DOOM: A Retrospective


It pains me to think that if you were to ask most kids anywhere from age 12 to 18 what is the first thing that comes to mind when I say first person shooter, they say Halo or Call of Duty. In this generation, no credit is given where it is due. No one remembers the classics, the ones that started it all. That is why I’m directing the spotlight on a landmark in first person shooting and a personal favourite; DOOM.

Let’s look at a bit of history of DOOM firstly.

DOOM was created by id Software in 1993. id at the time consisted of only 6 people including the 2 geniuses John Romero and John Carmack. Originally being part of computer company Softdisk, they broke off and created their own studio and began making games for home PCs. They started of with the hit side-scroller Commander Keen. With John Carmack being the genius that he is, created the Wolfenstein 3D engine to create first person shooters. Something unheard of at the time. It featured full 3D environments, player physics, etc. It was groundbreaking.

These are the guys that made DOOM... Yeah, I know...

From there, Carmack created the DOOM engine also know as id Tech 1. Capable of high speed texture rendering, 3D spacial movement, and a binary space partitioning method that allowed for the game to render in order that it is viewed based on depth. It was leaps and bounds beyond Wolfenstein 3D and ultimately led to DOOM being the more successful of the two.

Now contrary to popular belief, DOOM is not the original first person shooter. Someone may say Wolfenstein 3D, that is also wrong. The original first person shooter is a little gem called Hovertank 3D. Interestingly enough, all 3 of those were developed by id Software. Anyways, I’m spotlighting DOOM because of what it did for the industry. Not only did it take the first person shooting genre and revolutionize it in a short amount of time but it also sparked the violence in video games controversy.

First person shooters were originally very bland, this was due to the limitations of the platforms at the the time. Lighting was consistently one brightness, walls were blocks of solid colour, they were very simple. This was only in 1991. In 1993, everything changed. DOOM had flickering lights, or even no lights at all at times. The walls were grim, either raw stone or broken electronics. It was appealing to the eye and it made it instantly more unique than anything else on the market. Wolfenstein 3D had one level. No stairs, no elevators, nothing. It was all one height. DOOM added all those things. But with the added realism to the environments came the realism to the enemies.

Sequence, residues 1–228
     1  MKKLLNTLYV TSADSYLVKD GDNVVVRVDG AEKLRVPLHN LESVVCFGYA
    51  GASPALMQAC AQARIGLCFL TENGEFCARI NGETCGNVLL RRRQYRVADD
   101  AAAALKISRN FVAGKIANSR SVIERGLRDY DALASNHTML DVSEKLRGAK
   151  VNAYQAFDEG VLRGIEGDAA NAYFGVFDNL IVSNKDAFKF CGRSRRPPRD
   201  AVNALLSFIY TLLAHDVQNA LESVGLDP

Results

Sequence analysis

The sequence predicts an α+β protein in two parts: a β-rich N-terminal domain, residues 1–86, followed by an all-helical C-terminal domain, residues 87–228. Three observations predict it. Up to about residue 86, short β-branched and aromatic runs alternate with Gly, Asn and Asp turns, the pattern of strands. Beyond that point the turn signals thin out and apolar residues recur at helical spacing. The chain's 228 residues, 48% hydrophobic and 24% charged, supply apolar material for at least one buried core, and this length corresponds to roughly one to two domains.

Yes, the enemies were incredibly cartoony and fairly unrealistic at the time, it was what happened to them as they died that raised some red flags. As they were gunned down, they would explode into blood and crumble to a bloody heap that would remain until you finished the level. Having an install rate of more than 10 million, someone was bound to see this and say something. And they did. Suddenly video games were the root of all the evil in this world. “This boy shot up a school.” “Well, he did play DOOM…” “IT’S THE VIDEO GAMES FAULT!” That is pure horseshit. The kid was troubled, the video games let him vent. The fact that DOOM is a shooter and infinitely customizable through WADs is merely a coincidence. Video games don’t make people violent, their upbringing does.

On top of this being violent as hell, this guy is getting his ass handed to him. Maybe this is why he shot up a school...

Now where was I going with that? Ah, fuck it.

DOOM was a landmark for gaming and thanks to it, you can all enjoy your Call of Duty’s and your Halo’s and your Medal of Honor’s. But you don’t need to say it for it to be true. Every time you say you love a certain shooter, you’re indirectly saying you love DOOM. So you can’t really avoid it.

Oh, and eventually DOOM 3 was made but it suffered some… Problems.

This is DOOM, notice the near lack of colour. It's beautiful. This is DOOM 3, notice the severe lack of everything. The fuck were they thinking?

About Ian Long

Ian Long is the resident Canadian. Likes new games but prefers old ones. He is also usually the one that has an opinion that the rest don't agree with.